Palliative care in the ‘Kingdom in the sky’: Lesotho

What can we learn and adapt from each other? 

While nearly 6,000 miles apart, Wales in the UK and Lesotho in Southern Africa have much in common: similar size, landscape, bilingualism … and now palliative care. Dr Mary Hughes, a GP in South Wales, explains what happened when she and Dr Frances Gerrard from Cardiff Medical School accepted an invitation from a Welsh/Lesotho (DolenCymru) charity to deliver some palliative care teaching.

“No-one discusses death.”

“There is little community care here.”

“If I tell someone they have cancer they get depressed, they die.”

“If that’s euthanasia? I’m in!”

Dr Mary Hughes.

A few of the quotes from doctors on the training week that Frances Gerrard and I taught on last year in the mountain kingdom of Lesotho.

We had responded to a request from DolenCymru to help deliver some palliative care teaching in the town of Leribe where they have an innovative course developed in collaboration with Boston University training doctors to become family medicine specialists.


Ahead of the visit: The Challenges

Before the visit we received brief information about the group of doctors and the programme, the official Lesotho drug formulary and an African Palliative Care document. It was not entirely clear though as to the exact need. We prepared as best we could and set off to discover the reality of this beautiful mountain kingdom.

What we found on arrival: The Reality

Most health care in Lesotho is delivered from hospitals and clinics. Many staff in these centres felt they were not for ‘palliative’ patients and would discharge them to die in the community. Sadly, there is limited community health care in the areas our doctors worked in. Unsurprisingly, the relatives (unsupported) would bring patients back to hospital to seek further treatments or a doctor with a different opinion who might offer alternative advice.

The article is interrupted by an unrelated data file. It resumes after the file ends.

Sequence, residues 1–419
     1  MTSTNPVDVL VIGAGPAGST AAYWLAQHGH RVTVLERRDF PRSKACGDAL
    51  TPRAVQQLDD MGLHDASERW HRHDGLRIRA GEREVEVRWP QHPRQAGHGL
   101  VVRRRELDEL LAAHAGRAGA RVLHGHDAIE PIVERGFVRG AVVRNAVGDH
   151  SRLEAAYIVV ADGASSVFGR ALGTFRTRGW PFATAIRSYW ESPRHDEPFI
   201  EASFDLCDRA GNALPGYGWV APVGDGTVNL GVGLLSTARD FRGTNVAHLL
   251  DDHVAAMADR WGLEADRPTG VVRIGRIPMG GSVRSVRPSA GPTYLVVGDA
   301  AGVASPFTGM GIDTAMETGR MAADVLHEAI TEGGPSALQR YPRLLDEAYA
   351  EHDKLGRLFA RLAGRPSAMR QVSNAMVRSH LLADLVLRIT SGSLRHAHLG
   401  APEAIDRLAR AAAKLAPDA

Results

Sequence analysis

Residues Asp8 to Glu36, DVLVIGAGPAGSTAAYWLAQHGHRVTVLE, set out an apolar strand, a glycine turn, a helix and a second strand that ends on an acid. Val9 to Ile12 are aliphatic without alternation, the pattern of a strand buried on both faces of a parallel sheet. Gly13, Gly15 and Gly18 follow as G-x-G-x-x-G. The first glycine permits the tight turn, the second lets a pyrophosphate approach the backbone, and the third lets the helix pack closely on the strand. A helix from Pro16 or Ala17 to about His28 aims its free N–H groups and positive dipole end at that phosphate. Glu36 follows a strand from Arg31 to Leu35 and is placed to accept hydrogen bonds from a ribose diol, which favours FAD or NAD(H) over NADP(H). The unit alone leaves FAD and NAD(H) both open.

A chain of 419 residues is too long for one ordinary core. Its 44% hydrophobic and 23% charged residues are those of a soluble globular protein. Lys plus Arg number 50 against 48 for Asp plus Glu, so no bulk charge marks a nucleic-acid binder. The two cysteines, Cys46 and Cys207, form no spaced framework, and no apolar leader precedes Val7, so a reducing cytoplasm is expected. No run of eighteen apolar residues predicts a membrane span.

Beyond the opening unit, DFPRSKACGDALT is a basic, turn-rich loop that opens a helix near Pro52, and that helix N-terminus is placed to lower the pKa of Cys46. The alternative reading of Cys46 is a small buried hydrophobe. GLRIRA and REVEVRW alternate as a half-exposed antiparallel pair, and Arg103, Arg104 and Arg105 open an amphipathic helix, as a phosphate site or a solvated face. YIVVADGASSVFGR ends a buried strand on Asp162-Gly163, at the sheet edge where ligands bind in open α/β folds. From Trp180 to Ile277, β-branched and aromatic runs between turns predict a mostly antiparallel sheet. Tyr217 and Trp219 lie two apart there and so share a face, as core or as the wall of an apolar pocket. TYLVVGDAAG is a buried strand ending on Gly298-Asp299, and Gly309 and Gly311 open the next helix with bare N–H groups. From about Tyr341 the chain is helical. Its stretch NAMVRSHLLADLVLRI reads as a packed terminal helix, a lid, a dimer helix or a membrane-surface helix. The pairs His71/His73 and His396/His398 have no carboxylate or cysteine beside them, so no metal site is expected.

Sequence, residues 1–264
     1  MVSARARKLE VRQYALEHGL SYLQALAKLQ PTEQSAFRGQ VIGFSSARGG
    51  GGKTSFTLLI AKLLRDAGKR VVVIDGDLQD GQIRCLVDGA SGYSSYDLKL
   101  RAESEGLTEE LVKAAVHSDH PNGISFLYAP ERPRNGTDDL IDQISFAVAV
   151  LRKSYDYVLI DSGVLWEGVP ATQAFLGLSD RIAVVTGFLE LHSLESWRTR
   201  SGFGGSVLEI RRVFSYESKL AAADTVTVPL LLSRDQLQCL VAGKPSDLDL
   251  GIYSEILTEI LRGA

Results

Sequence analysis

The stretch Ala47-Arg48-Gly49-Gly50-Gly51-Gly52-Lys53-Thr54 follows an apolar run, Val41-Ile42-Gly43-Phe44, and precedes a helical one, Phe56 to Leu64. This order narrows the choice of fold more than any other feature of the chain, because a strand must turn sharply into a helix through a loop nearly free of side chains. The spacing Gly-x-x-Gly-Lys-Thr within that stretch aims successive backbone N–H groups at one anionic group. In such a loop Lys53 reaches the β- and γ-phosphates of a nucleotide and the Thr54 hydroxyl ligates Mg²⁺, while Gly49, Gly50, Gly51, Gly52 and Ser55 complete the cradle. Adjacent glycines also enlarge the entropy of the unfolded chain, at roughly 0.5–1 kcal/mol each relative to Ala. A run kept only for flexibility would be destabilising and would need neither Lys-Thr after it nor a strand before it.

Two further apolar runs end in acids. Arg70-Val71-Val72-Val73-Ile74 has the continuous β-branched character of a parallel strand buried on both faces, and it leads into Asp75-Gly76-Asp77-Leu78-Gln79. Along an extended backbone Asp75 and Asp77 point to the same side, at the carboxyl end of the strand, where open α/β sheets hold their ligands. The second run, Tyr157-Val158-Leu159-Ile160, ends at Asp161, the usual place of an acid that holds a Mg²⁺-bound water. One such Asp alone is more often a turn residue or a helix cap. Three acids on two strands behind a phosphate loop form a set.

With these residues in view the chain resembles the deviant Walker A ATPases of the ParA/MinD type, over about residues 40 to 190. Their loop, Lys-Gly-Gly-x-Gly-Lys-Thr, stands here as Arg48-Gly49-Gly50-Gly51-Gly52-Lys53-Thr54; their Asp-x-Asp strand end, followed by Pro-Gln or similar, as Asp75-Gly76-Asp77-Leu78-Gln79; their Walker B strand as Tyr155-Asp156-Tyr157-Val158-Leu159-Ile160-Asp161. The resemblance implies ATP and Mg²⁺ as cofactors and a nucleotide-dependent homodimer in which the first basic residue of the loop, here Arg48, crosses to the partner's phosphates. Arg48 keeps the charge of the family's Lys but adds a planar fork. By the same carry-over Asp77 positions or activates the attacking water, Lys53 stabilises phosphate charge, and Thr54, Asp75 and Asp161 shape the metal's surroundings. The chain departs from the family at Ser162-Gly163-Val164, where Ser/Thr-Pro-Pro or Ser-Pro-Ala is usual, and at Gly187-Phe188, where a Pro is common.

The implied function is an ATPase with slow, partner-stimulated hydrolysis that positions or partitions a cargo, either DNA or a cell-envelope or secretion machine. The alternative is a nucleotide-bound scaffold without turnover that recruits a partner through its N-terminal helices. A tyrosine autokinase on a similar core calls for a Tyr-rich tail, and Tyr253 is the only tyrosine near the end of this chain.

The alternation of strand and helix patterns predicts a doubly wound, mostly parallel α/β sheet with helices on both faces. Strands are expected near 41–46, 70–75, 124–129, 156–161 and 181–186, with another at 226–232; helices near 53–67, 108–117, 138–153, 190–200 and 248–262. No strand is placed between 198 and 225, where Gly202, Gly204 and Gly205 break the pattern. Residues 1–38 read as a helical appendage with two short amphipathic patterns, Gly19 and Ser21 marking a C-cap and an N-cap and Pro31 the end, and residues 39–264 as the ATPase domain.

There was a huge reluctance, driven by culture and attitudes of the country, to discuss the possibility of death, the poor prognosis of a patient or any relevant wider issues. The doctors already had huge responsibilities and roles. Many were medical directors in the hospitals they worked in. They were performing emergency care in casualty, Caesarian sections, looking after all inpatientcare over all specialities, as well as managing staff and the budget. Their general medical knowledge was wide-ranging. On top of this, the doctors were studying hard for their extra qualification.

Doctors on the family medicine training week in Leribe.

Tailoring the course: The Week

Our week in Leribe was a steep learning curve as we discovered the above and tried to tailor the course. The formulary we had seen did not reflect what medications were obtainable (e.g. opioids were available but limited and doctors ordering them closely interrogated) – much of our prepared work on drug management was not relevant.

Symptom management sessions included some helpful discussion but there was rising awareness of the doctors’ extensive experience of assessing symptoms, alongside their difficulty in lacking access to investigations and poor drug availability.